Now, 30 years later, another effort is underway to diffuse the impact of this Longest Walk.
“The United ‘Snakes’ of America thinks this would be enough for us,” Simmons said. “There are still problems across Indian country. We’re talking much more than just treaty rights.
“It goes beyond human rights and civil rights, we are talking about our natural rights since the beginning of time.
“Our traditional and spiritual leaders have been silenced for so long. The apology should be directed to them.”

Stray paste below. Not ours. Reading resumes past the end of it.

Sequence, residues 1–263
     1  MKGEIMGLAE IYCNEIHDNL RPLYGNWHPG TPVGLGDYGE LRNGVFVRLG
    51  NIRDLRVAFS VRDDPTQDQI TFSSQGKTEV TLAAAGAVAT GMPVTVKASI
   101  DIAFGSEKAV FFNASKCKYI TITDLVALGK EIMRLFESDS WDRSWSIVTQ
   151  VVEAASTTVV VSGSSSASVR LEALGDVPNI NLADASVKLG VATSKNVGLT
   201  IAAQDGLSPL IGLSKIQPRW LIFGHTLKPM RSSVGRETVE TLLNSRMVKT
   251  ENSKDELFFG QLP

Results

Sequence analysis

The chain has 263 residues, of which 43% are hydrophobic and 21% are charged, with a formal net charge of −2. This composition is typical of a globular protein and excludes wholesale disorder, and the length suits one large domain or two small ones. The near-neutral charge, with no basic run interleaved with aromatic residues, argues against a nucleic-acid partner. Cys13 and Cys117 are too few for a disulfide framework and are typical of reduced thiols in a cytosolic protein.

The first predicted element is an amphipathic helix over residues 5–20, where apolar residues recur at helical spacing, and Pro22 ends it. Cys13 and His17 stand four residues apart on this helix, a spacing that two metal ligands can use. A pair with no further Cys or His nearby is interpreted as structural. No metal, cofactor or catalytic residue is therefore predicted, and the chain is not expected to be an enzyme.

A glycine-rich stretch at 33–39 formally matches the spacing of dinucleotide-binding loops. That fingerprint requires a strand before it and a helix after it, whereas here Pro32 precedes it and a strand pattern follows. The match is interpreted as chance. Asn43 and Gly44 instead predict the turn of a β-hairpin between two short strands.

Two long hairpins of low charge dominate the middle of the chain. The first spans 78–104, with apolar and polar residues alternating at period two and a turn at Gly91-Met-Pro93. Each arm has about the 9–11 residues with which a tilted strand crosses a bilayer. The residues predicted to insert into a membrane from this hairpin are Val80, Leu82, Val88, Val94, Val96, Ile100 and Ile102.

Will the walkers blame the apology if they fail to achieve their goals? If a few words can stymie their efforts, their efforts must not be worth much.
Actually, I suspect few of the representatives who voted for the apology have heard of the Longest Walk 2. If they have, I doubt it was uppermost in their minds.
In fact, I doubt they thought the apology would deter anyone from continuing to advocate change. One could argue that apologizing to people encourages them rather than discourages them.
I guess the marchers feel they need an opponent to march against. I'd say there are enough obstacles in and out of Congress without making the apology another one.
Below: Jimbo Simmons walks to Cave Rock in Nevada. Photo courtesy of Brenda Norrell.